“They have the same parent. They’re more like twins,” he said. “When we draw the tree, the branches for all these different genotypes dated back to the base of the tree, meaning that they started evolving once the infection started in this individual.”

It’s possible that the major variants like delta and omicron — though possibly not the sub-variants like BA.5 — all began in a person with a chronic infection.

“During chronic infection, what we see is that evolution is accelerated compared to the evolution that occurs when the virus is spreading between people,” Chaguza said. “The fact that evolution is accelerated, it means that the virus can diverge over a short period of time and can accumulate so many mutations over a short period of time and that by accident, some of these mutations may promote transmission”

“So the hypothesis for omicron is that there was a chronic infection,” he said.

All of the variants that were found were not out-competing each other for dominance, as variants and sub-variants tend to do. If one is more ineffective, or better at evading immunity, it will very quickly become the dominant strain.

In this case, all three variants were in the same patient at the same time.

“What we saw with this individual is that the evolutionary rate of the virus is twice as fast as what we would normally see,” Grubaugh said. “That’s how multiple genotypes could develop within an individual. We were shocked to see that they were co-circulating.”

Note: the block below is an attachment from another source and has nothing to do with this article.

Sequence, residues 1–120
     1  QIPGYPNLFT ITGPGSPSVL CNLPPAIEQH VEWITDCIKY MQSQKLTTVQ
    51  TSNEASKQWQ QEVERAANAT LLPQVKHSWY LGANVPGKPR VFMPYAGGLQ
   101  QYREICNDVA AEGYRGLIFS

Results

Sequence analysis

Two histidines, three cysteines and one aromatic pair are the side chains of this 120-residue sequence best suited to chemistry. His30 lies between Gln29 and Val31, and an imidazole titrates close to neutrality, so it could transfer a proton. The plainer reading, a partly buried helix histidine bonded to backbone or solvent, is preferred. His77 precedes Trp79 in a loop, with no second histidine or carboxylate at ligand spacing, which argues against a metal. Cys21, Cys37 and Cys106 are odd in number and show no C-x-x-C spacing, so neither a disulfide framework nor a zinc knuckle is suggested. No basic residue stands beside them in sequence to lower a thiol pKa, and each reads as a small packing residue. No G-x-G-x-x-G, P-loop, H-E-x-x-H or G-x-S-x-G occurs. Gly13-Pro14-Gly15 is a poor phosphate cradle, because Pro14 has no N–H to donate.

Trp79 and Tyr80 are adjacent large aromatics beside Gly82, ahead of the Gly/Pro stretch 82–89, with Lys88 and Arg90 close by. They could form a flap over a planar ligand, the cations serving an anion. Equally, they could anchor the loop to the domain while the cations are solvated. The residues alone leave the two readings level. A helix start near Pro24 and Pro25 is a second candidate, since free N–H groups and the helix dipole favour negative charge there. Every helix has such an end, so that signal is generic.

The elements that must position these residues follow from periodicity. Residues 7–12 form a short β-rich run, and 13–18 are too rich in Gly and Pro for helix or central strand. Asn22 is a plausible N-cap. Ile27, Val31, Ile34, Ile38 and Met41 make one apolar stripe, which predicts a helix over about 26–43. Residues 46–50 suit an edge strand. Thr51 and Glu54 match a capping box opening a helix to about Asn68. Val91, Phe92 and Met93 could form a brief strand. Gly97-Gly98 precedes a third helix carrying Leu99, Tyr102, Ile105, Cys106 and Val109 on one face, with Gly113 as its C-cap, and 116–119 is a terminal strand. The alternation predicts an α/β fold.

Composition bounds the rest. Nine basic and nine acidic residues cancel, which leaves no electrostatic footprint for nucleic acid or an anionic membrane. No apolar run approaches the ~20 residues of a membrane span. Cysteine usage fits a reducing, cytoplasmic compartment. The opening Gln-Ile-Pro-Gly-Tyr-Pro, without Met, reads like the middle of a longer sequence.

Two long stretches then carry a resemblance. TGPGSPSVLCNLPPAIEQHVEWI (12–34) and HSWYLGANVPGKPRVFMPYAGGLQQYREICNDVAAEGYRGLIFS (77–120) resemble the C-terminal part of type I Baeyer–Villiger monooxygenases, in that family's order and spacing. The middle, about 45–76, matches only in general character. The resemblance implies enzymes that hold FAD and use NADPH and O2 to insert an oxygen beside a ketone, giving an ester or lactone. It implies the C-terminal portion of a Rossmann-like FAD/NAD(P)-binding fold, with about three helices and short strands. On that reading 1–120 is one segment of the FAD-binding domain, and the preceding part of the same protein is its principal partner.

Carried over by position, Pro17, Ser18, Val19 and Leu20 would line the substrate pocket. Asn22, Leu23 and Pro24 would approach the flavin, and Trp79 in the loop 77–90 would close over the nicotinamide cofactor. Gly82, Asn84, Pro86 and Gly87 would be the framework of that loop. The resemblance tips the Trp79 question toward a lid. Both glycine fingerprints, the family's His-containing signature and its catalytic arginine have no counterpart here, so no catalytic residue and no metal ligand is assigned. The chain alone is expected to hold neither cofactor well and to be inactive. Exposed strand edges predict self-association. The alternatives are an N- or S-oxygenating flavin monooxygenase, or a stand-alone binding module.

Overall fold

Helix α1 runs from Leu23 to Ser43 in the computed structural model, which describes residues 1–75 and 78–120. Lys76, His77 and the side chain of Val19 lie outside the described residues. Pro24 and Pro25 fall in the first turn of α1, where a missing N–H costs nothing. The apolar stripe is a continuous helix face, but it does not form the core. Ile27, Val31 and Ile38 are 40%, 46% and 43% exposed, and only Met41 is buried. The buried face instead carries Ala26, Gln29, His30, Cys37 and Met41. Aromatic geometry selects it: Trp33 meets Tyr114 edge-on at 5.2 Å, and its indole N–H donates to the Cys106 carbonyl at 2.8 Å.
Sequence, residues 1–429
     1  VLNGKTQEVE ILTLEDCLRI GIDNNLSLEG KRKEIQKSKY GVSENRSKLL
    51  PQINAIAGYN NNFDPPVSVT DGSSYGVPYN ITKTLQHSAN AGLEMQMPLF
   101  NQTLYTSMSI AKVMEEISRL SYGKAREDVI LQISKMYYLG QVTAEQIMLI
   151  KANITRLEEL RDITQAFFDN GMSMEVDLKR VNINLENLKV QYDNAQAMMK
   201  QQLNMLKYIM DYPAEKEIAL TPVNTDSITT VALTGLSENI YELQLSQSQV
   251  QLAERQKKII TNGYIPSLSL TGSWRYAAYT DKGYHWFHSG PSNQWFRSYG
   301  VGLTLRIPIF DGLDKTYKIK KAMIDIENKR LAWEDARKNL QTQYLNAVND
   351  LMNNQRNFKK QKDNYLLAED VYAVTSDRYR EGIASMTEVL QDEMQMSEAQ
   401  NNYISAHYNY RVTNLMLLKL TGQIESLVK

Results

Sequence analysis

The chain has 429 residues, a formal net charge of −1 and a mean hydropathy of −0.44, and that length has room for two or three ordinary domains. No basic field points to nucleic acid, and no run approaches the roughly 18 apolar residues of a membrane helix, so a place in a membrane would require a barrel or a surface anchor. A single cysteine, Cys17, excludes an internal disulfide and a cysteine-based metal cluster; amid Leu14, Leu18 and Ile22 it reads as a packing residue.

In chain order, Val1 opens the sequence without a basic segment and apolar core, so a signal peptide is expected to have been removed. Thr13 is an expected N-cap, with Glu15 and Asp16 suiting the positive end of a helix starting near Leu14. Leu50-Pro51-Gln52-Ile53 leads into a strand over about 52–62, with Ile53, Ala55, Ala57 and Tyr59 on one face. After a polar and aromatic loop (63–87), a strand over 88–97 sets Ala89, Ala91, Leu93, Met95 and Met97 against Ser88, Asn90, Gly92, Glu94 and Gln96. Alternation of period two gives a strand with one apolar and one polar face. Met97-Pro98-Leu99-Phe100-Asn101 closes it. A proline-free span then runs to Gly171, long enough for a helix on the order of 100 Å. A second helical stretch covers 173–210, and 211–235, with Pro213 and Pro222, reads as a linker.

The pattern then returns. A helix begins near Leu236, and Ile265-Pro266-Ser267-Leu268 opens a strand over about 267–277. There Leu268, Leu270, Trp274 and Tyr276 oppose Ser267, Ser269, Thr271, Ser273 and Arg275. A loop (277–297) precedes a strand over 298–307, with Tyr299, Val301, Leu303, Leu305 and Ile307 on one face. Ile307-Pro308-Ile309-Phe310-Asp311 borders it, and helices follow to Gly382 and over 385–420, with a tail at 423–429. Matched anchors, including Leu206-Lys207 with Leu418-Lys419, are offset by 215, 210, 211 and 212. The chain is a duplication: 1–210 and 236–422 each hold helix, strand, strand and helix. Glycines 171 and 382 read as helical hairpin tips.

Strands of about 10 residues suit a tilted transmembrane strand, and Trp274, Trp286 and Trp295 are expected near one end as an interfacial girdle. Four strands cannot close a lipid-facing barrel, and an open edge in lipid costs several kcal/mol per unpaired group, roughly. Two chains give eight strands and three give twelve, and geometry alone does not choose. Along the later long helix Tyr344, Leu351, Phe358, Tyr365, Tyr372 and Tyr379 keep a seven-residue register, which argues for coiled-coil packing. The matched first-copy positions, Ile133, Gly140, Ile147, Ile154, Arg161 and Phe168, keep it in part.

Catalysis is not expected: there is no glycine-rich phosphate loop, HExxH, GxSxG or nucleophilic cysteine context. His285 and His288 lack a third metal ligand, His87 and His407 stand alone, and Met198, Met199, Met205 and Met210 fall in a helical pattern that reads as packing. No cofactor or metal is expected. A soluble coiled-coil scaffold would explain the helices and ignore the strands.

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It’s possible, Grubaugh said, that chronic infection — particularly in immunocompromised patients — is not all that rare.

“A fair number of them that had infections probably develop some level of persistent infection and things like monoclonal antibodies and vaccines can clear those infections,” he said.

What made this patient different is that a bad reaction to a monoclonal antibody treatment.

“A lot of these persistent infections aren’t nearly as long as this one because eventually we’re able to get that under control with treatments,” Grubaugh said.

Exactly how many infections result in a chronic case is perhaps not knowable. There are parts of the world where immunocompromising conditions like HIV are far more common than they are in the United States, and vaccines and treatments are not always as easily obtainable as they are here.

“How many of these infections that have been going on for more than a year exist? It’s more than one,” Grubaugh said. “But I don’t know what the upper end is.”